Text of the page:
Looking for a well-paid side gig that fits around your college schedule? Want to be independent, travel and afford to rent an apartment? I know, it ain’t easy to make ends meet. Sometimes, all you need is a few creative tips from someone like Shelby Dattilo. When her financial aid package got cut in half, instead of running to her parents for help, she sucked it up and found 5 unique jobs that are fun, flexible and worth much more than minimum wage!
1. Were You an Athlete in High School? Try Reffing
With your skills and “insider” knowledge, you could easily become a referee. You’ll stay in good shape and have a flexible schedule. Usually, your supervisor won’t even mind that you have to block out times taken up by classes or other commitments.
“Typically, leagues are so strapped for young, athletic officials that they will continue to give you assignments even after a minor scheduling transgression,” says Shelby.
What’s the real selling point here? This job pays more than you’d think. Shelby officiated lacrosse and field hockey, which usually pays from $55 to $95. Not bad for a few hours of work, right?
“If you get enough experience you can even transition to collegiate officiating, which can pay hundreds of dollars for just one game.”
2. Join Clubs/Activities Boards
Thought about joining student government in high school, but never got the chance? Well, that was the case with Shelby. When she saw a few spots reserved for freshmen on campus, she went for it in an instant. Eager to make a difference, Shelby had no idea that this position is paid, right until she got a check in the mail for a few hundred dollars.
“I had to go to three different campus offices to find out that it was for my participation in student government since I was never told I would be paid for my time.”
Shelby says it’s totally worth getting involved, even if you’ll get paid less. If you find a gig that represents something you believe in – go for it. Most students have no idea that campus activities pay cash, or about opportunities they open up.
“The experience you can gain for your resume and the connections you can make are just some of the added benefits to getting involved in school activities.”
“I even have a friend that ended up landing a job as a tour manager for Counting Crows after working for our student activities board.”
3. Find a Job on Campus
Want to continue being involved on campus? Find a job that will keep you there and pay good cash! You’ll get to work about 20 hours per week, learn more about your school, earn above minimum wage and meet a ton of awesome people.
“Financially speaking, the information I gained while working there was invaluable because I was forced to communicate on a regular basis with offices that helped me when applying for my financial aid or registering for the right courses to graduate ahead of schedule,” shared Shelby.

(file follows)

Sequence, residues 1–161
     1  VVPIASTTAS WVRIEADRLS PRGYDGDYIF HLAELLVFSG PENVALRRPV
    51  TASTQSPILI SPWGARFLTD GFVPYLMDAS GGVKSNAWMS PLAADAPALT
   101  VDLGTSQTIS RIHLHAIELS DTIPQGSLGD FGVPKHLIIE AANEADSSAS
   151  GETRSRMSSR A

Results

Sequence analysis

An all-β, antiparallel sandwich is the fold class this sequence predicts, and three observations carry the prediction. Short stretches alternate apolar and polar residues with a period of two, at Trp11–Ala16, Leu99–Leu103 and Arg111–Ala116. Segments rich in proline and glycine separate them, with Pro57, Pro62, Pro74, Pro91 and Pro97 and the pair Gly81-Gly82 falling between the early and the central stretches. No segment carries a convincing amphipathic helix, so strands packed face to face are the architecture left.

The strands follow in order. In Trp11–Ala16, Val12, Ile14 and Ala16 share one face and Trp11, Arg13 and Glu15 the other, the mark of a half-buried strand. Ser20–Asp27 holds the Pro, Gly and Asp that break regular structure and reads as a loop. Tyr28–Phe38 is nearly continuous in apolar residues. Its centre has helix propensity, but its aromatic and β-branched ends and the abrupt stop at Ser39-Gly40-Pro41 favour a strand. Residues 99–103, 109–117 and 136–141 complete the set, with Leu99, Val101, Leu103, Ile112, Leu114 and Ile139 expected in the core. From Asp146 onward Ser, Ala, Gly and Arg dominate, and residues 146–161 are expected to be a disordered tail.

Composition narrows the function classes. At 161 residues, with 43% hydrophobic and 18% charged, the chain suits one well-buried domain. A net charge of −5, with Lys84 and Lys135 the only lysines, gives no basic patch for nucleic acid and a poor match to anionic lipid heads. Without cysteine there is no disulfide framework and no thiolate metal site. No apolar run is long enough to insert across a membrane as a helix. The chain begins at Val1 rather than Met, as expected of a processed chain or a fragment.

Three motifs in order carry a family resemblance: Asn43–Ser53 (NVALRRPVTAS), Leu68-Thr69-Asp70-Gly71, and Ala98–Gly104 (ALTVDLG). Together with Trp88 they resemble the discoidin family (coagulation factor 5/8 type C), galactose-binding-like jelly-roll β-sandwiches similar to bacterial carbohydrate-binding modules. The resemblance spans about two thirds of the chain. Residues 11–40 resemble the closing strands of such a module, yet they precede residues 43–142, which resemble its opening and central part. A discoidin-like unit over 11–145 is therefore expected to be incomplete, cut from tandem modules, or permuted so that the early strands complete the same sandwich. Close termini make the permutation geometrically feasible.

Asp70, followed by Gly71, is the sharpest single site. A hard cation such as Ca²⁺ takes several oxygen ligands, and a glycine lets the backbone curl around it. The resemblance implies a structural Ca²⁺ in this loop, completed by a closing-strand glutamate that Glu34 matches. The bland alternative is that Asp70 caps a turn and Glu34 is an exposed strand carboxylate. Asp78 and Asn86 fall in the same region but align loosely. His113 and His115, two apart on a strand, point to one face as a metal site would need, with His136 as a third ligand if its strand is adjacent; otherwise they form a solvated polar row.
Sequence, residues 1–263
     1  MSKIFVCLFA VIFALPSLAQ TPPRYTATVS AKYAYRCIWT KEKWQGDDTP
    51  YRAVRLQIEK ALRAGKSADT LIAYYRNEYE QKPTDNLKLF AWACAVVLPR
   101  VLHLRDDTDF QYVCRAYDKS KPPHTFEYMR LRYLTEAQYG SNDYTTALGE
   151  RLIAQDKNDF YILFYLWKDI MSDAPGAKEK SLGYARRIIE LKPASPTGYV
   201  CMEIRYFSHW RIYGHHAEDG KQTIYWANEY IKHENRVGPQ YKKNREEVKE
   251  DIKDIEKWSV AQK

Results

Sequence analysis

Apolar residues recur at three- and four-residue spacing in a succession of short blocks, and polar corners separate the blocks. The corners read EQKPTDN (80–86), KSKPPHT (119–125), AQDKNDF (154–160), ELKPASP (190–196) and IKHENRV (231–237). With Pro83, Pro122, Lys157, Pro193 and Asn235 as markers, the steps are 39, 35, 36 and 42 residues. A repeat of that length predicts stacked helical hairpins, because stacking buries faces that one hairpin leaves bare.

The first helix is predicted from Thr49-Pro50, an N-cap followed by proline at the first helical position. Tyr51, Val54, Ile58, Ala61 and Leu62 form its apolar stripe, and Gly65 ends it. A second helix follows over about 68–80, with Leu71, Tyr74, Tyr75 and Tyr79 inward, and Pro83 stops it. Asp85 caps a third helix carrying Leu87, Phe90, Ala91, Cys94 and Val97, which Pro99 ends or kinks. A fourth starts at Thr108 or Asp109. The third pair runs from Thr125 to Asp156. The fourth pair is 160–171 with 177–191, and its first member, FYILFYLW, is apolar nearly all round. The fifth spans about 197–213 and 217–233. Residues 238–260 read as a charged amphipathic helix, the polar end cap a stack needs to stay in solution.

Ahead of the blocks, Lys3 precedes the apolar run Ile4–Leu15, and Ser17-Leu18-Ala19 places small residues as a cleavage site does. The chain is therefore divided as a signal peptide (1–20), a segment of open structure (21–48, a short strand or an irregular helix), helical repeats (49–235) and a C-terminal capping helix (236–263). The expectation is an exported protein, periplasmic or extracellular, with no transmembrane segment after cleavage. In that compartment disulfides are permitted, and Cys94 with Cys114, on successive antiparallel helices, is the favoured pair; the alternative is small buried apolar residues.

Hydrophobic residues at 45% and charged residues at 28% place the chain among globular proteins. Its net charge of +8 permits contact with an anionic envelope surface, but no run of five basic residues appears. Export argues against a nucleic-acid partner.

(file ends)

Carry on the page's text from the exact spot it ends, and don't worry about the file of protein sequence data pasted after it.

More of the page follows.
The pay is good, schedule tends to be flexible and you even get to work on school assignments during slow days. Plus, always keep your resume in mind – a gig like that will show that you’re responsible, committed and involved!
4. Become a Bookstore Associate
Shelby admits she quit this job after a few days. But don’t scroll down! Her reasons had nothing to do with the job, and there’s something in it you might like.
“I genuinely think working at a bookstore is a stellar way for any college student to make a little extra cash, and sometimes I wish I had stuck with it,” she admits.
You can expect minimum wage, but with lots of non-monetary benefits. For starters, it’s every bookworm’s dream! You get to work in a quiet, cozy atmosphere, which won’t stress you out as much a job at a smelly local bar would.
The best part – you get discounts on expensive course textbooks!
5. Boost Your Income and CV with a Paid Internship
According to Shelby, it IS possible to get paid internships while you’re still in college. During her final semester of senior year, she scored a full-time internship which paid a full salary and even allowed her to continue taking a final course to get a full-time student status she needed for financial aid.
“I would highly recommend to everyone in college reading this to go out there and secure as many internships as you can before leaving college. This was the only one I did, and I regret not looking for more sooner.”
Think you need connections to get a well-paid internship? Shelby proves this statement wrong. She says that it’s important to know your worth and search for internships even if they seem too far-fetched.
“If you think the work or time commitment deserves a wage, try asking for one even if it wasn’t offered. It doesn’t hurt to ask, and many companies do have it in their budget to pay interns.”
“I made the equivalent of a $40,000/year salary at my internship, and probably could have gotten more if I had just asked.”
Have some spare time? Think of the skills you already have. What’s your unique trait?
For example, Shelby teaches swing dance lessons in her spare time. Is there something you’re good at that people would love to learn?
It could be anything – from piano classes to English tutoring and content writing. Having a side gig will help you save cash and provide invaluable opportunities to gather a load of experience and useful lessons for your future career.
Find this article useful?
Share it with your job-seeking college friends!